LWD wrote: And in any case, even an epic Italian failure at Malta, would be a much cheaper lesson than what transpired in Cyrenaica, few months later.
Would it? I'm not so sure. Especially if the Italians loose the majority of their fleet and cargo ships in the process.
I'd think it significantly cheaper. If Regia Marina takes a big trimdown, at least Italians would stop wasting money on upkeeping the WWII version of HochSeeFlotte (i.e. iron scrap that's worse than useless - being that it antagonizes Great Britain). You gotta think RM would get a few licks in, and RAeronautica a few lucky bombs. So the MedFleet would need some time to lick its wounds too.
120,000 men lost? I cannot see Malta costing italians more than 10,000 men, 15,000 tops.
But just the trucks, artillery pieces, and planes, lost in Compass. What was there? A quarter of Italian army's motorized park? Maybe half of the deployable fraction?
In fact they had so much [motor transport] that we were able to motorise two brigades out of what we captured; ironically but for the captured transport, we could never have pushed so far into Libya, Of particular value were the large 10-ton Diesel lorries of which the 10th Army had large quantities.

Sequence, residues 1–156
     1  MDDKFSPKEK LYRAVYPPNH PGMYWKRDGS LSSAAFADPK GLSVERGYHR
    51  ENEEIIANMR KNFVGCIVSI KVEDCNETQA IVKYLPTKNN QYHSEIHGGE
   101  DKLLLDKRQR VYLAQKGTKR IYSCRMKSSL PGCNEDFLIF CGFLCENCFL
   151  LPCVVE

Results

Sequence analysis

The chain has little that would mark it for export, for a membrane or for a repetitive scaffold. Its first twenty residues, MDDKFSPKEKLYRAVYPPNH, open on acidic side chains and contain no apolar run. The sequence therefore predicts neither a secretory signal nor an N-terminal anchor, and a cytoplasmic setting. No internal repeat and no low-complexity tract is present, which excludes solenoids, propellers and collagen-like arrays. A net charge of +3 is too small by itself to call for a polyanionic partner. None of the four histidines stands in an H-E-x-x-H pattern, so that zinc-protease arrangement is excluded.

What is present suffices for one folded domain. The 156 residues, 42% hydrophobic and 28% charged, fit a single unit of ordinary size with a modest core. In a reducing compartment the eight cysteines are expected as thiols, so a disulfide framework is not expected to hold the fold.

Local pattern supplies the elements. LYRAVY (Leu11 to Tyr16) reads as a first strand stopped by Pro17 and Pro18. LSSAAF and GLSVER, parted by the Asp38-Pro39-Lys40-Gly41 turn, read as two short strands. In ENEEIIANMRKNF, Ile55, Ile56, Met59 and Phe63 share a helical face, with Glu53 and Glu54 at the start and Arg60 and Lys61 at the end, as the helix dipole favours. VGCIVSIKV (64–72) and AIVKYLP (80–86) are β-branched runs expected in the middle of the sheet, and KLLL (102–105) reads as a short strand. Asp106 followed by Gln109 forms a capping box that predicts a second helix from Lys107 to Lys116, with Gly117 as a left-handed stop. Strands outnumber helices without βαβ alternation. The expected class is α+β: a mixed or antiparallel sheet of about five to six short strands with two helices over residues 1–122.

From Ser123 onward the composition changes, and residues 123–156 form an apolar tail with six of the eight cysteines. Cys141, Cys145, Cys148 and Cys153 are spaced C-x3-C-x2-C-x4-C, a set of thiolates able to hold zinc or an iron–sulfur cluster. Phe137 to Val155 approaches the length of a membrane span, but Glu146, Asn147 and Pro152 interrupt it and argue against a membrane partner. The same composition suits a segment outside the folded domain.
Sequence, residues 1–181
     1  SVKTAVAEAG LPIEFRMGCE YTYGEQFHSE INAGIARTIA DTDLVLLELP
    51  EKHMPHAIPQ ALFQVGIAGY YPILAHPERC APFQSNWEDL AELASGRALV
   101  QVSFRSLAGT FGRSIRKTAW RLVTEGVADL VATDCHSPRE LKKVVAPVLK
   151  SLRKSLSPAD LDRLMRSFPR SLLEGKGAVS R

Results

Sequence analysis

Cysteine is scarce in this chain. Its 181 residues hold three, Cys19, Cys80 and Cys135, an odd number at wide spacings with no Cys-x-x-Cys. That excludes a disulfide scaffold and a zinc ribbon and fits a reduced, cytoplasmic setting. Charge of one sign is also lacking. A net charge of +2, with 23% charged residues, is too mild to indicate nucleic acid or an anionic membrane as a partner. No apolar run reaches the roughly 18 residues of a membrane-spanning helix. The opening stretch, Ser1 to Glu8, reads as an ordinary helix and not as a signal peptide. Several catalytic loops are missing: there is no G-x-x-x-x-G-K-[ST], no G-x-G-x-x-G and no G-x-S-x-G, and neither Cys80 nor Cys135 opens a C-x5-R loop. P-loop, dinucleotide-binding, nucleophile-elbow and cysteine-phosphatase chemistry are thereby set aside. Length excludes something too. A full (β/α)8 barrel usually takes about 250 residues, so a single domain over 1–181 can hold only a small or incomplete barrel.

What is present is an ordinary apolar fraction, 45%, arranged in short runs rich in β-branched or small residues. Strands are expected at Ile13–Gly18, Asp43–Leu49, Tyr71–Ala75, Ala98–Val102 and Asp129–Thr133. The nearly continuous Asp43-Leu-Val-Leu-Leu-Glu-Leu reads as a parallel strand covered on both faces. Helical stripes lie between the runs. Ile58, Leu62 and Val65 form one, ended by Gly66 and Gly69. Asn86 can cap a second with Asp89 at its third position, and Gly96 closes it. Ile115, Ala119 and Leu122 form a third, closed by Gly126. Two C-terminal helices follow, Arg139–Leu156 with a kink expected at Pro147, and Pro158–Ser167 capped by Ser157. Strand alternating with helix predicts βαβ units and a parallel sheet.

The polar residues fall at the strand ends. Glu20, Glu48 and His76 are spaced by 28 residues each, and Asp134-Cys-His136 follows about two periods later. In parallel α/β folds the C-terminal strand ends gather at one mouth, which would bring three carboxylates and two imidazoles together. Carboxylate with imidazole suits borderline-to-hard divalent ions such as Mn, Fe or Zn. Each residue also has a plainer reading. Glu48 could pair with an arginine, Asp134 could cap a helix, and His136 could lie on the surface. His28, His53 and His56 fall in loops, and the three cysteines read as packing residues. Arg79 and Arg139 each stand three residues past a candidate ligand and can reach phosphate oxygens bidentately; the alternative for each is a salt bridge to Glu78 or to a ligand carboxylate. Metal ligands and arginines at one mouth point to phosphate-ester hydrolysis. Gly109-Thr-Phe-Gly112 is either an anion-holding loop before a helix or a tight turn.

David Hunt - A Don at War
And artillery pieces lost, maybe 10 modern 150 mm pieces, maybe 50 Schneiders? 10-20 tankettes - if that? Compass was a steep price for a wake up call, for sure.
Plane-wise all kinds of ungodly figures are bandied about (wiki has 1,200), but I think mid-three figures (4-500 italian planes lost) is a good estimate.
For the air attack on Malta Italians could have ~600 bombers (SM79s, Breda Ba 65s, and Fiat BR 20s), ~300 biplane fighters, ~100 modern fighters (Fiat G50s and Macchi200s), and remain with a small reserve of ~400 modern planes (fighters and bombers) and 3-500 biplane fighters. The biplanes, although obviously outclassed if faced with say Hurricanes, would still have matched 1940 bombers, so they could have defended the mainland and Libya.